June 23, 2017 – Bathymetry surveying and mapping will begin on Sunday, June 25 and continue for the next month along the Burnt River system. The project will include mapping and surveying approximately 20 kilometers of river from the Village of Burnt River to Cameron Lake.
Kawartha Conservation awarded the contract to J.D. Barnes Limited following the closing of the Request for Proposals on June 2.
“In partnership with the City of Kawartha Lakes, we are undertaking a special project to complete flood plain mapping of the Burnt River watershed,” explained project lead, Kawartha Conservation Floodplain GIS/Mapping Technician Galen Yerex. “In order to complete this work, hydraulic and hydrologic modeling must be completed which requires a bathymetric survey of roughly 20 kilometres of the Burnt River, from the Village of Burnt River to the outlet into Cameron Lake.”
Updated flood plain mapping is used by municipalities in preparing official plans and zoning by-laws, which guide future development in their municipalities.
Conservation Authorities in Ontario have a legal mandate to ensure that development does not occur in areas that are susceptible to flooding and erosion. Building in these areas can result in damage to properties when flooding or erosion occurs, and in extreme cases can result in loss of life.
“Flood plain mapping is used by our staff when reviewing development applications,” said Mr. Yerex. “They are also used for our Development, Interference with Wetlands and Alterations to Shorelines and Watercourses Regulations (Ontario Regulation 148/06).”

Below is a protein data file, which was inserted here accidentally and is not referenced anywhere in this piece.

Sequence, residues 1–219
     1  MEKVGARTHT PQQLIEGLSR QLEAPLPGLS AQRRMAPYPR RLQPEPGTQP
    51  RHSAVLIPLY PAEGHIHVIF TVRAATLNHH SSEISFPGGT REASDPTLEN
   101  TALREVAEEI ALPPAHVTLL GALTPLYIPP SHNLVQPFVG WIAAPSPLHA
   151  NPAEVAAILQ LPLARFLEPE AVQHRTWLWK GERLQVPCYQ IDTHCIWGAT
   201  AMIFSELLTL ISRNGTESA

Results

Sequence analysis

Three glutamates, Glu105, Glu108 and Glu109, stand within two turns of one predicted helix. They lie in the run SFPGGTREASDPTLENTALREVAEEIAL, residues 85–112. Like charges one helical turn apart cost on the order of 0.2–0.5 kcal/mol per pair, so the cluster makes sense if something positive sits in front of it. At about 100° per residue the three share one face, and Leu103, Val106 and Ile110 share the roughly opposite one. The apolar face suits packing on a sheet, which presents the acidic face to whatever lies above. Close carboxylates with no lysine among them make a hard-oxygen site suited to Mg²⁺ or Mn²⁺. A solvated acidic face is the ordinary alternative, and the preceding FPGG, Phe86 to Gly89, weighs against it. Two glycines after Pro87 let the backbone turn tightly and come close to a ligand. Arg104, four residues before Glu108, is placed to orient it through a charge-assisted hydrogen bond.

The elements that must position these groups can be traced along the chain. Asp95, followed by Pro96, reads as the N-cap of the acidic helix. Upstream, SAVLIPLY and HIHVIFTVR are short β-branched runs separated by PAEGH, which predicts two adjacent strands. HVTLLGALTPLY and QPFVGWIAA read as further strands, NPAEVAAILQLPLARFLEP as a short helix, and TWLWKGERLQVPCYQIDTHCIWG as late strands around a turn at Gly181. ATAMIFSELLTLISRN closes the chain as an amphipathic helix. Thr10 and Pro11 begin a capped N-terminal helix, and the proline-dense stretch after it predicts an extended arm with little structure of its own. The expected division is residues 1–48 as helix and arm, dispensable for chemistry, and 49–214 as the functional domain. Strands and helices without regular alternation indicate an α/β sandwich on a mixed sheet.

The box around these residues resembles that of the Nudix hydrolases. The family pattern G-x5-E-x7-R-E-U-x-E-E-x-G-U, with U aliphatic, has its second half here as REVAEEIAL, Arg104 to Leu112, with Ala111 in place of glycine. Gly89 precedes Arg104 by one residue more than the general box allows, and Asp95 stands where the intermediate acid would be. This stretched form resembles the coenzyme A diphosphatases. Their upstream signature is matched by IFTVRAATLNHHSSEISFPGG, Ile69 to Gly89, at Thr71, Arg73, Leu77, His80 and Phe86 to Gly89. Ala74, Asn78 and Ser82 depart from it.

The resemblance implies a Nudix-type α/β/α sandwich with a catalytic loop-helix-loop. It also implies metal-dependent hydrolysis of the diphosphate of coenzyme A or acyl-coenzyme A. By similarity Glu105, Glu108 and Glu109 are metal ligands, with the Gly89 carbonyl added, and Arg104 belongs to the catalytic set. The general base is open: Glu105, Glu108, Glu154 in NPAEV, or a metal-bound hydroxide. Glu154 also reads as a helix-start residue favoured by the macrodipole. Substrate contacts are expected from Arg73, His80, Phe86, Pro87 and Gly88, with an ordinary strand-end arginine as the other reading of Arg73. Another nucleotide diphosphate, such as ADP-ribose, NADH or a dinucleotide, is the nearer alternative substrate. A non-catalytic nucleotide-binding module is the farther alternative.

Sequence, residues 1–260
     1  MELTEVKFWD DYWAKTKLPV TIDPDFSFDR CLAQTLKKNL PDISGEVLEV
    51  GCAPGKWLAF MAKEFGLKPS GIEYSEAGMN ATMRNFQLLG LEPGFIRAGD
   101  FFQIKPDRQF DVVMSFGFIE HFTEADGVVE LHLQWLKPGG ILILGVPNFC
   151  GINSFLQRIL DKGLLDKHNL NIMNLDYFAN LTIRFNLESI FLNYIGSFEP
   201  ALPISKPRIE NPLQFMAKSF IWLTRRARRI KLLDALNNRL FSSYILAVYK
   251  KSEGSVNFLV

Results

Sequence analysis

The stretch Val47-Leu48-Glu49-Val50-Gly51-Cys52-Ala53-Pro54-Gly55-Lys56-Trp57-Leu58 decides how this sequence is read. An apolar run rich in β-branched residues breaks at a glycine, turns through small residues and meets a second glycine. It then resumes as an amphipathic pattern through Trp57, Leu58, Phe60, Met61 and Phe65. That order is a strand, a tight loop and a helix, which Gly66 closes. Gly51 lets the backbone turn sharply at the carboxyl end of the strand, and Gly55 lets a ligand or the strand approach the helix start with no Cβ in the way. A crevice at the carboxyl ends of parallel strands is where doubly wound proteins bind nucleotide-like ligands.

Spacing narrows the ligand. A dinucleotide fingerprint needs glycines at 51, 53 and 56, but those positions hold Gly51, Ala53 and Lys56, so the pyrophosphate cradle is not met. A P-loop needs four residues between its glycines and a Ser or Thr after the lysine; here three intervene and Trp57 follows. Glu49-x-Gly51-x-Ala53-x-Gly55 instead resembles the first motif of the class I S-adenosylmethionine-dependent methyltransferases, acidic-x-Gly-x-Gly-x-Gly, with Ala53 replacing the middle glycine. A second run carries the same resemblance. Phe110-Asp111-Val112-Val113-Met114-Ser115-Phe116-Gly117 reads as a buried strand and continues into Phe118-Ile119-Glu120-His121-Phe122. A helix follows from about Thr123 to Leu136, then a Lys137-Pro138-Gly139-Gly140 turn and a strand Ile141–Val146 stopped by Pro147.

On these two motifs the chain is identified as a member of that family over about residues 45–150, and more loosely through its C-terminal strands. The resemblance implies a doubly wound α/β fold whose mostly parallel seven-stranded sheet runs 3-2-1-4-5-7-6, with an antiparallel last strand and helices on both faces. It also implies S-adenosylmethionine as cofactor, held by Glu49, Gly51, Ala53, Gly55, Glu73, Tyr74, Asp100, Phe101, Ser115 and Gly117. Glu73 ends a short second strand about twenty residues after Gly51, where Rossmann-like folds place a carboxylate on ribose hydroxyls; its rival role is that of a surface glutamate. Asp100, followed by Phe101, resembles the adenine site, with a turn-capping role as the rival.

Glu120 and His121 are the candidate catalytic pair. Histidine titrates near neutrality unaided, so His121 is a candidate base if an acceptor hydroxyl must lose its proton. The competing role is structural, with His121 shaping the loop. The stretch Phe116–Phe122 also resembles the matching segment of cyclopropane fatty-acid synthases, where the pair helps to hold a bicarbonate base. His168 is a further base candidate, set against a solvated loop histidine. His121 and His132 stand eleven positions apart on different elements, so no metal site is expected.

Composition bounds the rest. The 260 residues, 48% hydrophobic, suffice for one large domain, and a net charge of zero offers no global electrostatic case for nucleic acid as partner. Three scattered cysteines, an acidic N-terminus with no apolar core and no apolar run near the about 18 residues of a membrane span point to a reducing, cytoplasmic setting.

Preparing mapping involves a combination of field work and computer modelling. Background data such as land use, topography and precipitation is gathered. This is used to build a computer model that calculates flows during storm events at various locations along the Burnt River system. In this part of Ontario the standard of protection is to the 1 in 100 year flood event, also called the regulatory flood. This is the event that has a one per cent chance of occurring in any year or a one per cent probability.
The water level information generated by the model is then applied to mapping of the Burnt River system. The resulting information is a floodplain map showing the regulatory flood level of a 1 in 100 year flood.
“When the bathymetry surveying and mapping is complete we will be able to generate the computer models which will develop the updated flood plain mapping,” said Mr. Yerex. “Once complete, the updated mapping will assist both the municipality and the Conservation Authority with future planning and regulations to help ensure resident safety as new development occurs.”